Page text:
Buy established properties. Don’t buy new properties. New properties have a premium due to the value of the new building itself. Remember, it’s the land which appreciates, while the building depreciates as it ages. It’s better to buy older properties that have renovation potential, increasing their value and forcing capital growth.
Buy outside your own backyard. There are 15,000 suburbs in Australia. It’s highly unlikely that you’ll be able to build a successful portfolio entirely within the suburbs that surround your own. Venture beyond your own backyard, invest interstate and diversify your property locations.
Don’t quit that 9-5 just yet. Achieving financial freedom and retiring early isn’t going to happen straight away. Keep that stable job and source of income to prove serviceability to banks so that you can borrow more money to buy multiple homes.
Eventually, your properties should supplement the income you acquire from your job, but this isn’t guaranteed in the early years of property investing.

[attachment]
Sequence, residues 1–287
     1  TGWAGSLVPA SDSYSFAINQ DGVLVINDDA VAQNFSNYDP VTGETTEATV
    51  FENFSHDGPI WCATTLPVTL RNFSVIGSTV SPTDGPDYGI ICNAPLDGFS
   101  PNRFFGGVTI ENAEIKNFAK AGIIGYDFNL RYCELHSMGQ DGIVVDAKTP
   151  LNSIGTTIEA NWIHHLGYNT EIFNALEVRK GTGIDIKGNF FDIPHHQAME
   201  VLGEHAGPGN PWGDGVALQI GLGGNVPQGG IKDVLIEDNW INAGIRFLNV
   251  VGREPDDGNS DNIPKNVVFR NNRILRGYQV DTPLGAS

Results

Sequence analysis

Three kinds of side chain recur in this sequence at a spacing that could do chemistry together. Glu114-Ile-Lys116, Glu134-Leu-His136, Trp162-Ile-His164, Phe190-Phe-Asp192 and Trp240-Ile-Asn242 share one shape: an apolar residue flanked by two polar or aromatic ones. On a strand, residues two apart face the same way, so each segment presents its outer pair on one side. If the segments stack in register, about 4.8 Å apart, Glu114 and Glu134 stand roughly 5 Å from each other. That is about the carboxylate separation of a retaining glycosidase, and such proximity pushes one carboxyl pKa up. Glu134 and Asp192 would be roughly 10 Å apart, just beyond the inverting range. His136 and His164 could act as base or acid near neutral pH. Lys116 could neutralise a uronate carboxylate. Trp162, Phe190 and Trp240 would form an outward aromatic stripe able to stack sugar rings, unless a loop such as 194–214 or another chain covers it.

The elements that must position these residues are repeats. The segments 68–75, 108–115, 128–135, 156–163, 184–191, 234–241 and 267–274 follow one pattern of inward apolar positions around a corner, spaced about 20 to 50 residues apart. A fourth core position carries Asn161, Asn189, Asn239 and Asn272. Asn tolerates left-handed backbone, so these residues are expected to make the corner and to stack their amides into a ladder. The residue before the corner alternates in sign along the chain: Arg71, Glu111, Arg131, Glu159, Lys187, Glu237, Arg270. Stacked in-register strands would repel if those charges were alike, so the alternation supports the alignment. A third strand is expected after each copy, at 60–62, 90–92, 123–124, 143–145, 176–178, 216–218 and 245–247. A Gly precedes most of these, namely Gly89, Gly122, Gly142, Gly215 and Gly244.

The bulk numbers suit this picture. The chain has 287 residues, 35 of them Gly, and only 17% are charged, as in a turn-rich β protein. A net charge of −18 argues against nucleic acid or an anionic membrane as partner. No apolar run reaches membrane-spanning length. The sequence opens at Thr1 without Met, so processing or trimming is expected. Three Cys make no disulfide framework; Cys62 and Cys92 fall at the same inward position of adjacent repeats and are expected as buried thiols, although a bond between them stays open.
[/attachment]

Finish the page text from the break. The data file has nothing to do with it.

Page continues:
Buy and hold. Sometimes a basic strategy can be the best, especially when starting out in building your property portfolio. You can’t build a portfolio by selling your properties fast. Instead, adopt a buy and hold strategy early in the journey.
Don’t try and make a quick profit by flipping the properties. Rather, hold onto these homes to achieve capital growth, and as you progress, then you can look at renovation or development strategies.
Buy properties with owner-occupier appeal. Make sure the properties you invest in are appealing to owner-occupiers. It is these buyers that make up the majority of the market. Buy property from the perspective of an owner-occupier.
This means looking at the suburb, neighbourhood, and general liveability (of course, there are a range of data factors that need to be considered). In the long-term, properties which appeal to owner-occupiers will outperform investor stock.
COVID-19 has changed the ways people buy property as well. No longer is a home just a home — it can be a work space, entertainment area, or gym. That bit of extra space can be all the difference for owner-occupiers looking to spend that much more time at home.
So there you have it, a few tips and tricks to build a massive property portfolio. With a little patience and hard work, owning a range of properties is a great way to achieve financial freedom, which means you can dedicate more time to the parts of life you value most.